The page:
Processing social aspects of human gaze: A combined fMRI-DTI study

Laboratory for Behavioral Neurology & Imaging of Cognition, Department of Neuroscience & Clinic of Neurology, Medical School, University of Geneva, Switzerland.
NeuroImage (Impact Factor: 6.36). 03/2011; 55(1):411-9. DOI: 10.1016/j.neuroimage.2010.11.033
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ABSTRACT Human gaze is a critical social cue that can reveal intentions and dispositions of others. The right posterior superior temporal sulcus (pSTS) is thought to be critically involved in processing eye gaze information. We combined diffusion tensor imaging (DTI) and functional magnetic resonance imaging (fMRI) to identify direct neural connections of right pSTS and to determine how these connections are modulated by the social significance of perceived gaze shifts. Participants saw faces with direct or averted gaze during event-related fMRI. Half of these faces remained static, and half displayed a dynamic gaze shift either towards or away from the subject. Social attention (dynamic gaze shifts towards the observer) not only increased activity in right pSTS, but also its functional connectivity with the right anterior insula (aIns) and right fusiform gyrus (FG). However, direct fiber connections from pSTS were demonstrated by DTI for the right aIns, but not the right FG. Moreover, the right FG responded to eye motion irrespective of direction and social significance; whereas the right aIns was selectively sensitive to social significance (i.e. gaze shifts towards the observer), but not generally to eye motion. We conclude that the social aspects of mutual gaze contact are processed by direct fiber pathways between right pSTS and right aIns; whereas increased connectivity with FG could reflect an enhanced perceptual analysis of changing facial features in dynamic gaze conditions and involves indirect fiber pathways with pSTS, perhaps via motion-selective regions in middle temporal (MT) gyrus that exhibited strong white-matter connections with both pSTS and FG and could thus provide inputs to these two areas.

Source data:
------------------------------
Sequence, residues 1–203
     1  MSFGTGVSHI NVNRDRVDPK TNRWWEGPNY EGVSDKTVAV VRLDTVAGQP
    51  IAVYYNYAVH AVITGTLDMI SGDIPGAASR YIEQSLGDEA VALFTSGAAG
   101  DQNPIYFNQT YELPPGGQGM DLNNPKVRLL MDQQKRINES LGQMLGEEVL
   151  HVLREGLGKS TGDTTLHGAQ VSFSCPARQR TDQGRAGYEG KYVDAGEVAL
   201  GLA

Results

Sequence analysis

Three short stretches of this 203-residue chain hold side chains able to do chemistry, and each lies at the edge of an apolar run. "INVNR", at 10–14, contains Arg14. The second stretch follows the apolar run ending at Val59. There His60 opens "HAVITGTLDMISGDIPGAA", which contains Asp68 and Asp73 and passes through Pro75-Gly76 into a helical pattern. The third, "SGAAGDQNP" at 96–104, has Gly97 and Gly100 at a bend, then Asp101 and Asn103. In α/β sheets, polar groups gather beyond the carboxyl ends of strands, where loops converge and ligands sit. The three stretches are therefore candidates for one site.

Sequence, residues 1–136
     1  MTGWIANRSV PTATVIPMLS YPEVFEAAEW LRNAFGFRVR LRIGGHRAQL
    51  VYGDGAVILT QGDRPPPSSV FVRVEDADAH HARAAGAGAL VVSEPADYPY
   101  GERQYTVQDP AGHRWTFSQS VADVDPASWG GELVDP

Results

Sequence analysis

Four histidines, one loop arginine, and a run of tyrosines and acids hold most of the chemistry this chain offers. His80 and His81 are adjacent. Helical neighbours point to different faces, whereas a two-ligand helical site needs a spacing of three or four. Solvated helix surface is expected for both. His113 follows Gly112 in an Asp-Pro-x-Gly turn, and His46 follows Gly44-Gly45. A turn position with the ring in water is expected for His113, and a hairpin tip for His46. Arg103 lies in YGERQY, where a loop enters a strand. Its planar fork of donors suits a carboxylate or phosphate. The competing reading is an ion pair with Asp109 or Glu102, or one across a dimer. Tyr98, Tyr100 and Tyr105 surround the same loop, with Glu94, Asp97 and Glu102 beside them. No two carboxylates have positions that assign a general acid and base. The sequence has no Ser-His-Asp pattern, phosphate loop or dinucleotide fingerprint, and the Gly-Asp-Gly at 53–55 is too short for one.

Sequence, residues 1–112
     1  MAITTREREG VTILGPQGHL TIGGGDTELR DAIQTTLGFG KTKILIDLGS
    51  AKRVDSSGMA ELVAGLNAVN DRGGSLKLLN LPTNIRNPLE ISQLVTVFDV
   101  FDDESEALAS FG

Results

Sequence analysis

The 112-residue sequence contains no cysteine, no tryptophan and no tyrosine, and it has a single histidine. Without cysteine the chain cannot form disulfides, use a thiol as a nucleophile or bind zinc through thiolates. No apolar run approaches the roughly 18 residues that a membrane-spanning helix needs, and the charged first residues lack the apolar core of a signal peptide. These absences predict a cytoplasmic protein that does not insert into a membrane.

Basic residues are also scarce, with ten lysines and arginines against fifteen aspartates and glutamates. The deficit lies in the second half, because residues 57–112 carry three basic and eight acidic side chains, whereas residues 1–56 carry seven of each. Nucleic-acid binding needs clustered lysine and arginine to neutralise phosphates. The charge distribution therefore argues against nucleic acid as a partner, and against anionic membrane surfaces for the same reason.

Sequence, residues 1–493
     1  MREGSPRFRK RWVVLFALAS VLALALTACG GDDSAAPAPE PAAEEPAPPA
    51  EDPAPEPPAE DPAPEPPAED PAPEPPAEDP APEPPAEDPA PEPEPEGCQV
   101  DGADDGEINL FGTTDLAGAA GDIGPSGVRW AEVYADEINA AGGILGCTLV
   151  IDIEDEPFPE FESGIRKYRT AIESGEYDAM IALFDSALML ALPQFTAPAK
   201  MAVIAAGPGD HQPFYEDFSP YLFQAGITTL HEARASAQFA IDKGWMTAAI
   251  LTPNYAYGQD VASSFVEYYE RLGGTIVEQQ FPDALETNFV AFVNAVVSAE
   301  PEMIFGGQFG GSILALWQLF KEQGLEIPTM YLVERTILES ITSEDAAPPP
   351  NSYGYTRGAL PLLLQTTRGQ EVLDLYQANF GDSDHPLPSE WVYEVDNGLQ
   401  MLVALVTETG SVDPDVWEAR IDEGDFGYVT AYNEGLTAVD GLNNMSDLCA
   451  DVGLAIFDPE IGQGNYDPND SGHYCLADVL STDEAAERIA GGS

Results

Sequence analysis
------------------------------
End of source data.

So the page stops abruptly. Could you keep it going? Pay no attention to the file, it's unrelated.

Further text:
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Available from: Markus Gschwind, Aug 24, 2015
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    • " et al . , 2008 ; Hoffman and Haxby , 2000 ; Pageler et al . , 2003 ; Pel - phrey et al . , 2003 ; Puce et al . , 1998 ] , amygdala [ Adams et al . , 2003 ; George et al . , 2001 ; Hadjikhani et al . , 2008 ; Hooker et al . , 2003 ; Kawashima et al . , 1999 ; Sato et al . , 2004 , 2010 ; Straube et al . , 2010 ; Wicker et al . , 2003 ] , MT / V5 [ Ethofer et al . , 2011 ; Hadjikhani et al . , 2008 ; Kuzmanovic et al . , 2009 ; Watanabe et al . , 2001 ; Wicker et al . , 2003 ] , and medial pre - frontal cortex [ MPFC ; Calder et al . , 2002 ; Conty et al . , 2007 ; Kampe et al . , 2003 ; Schilbach et al . , 2006 ] . Senju and Johnson [ 2009 ] explicitly focused in their review on the neural corre - late"
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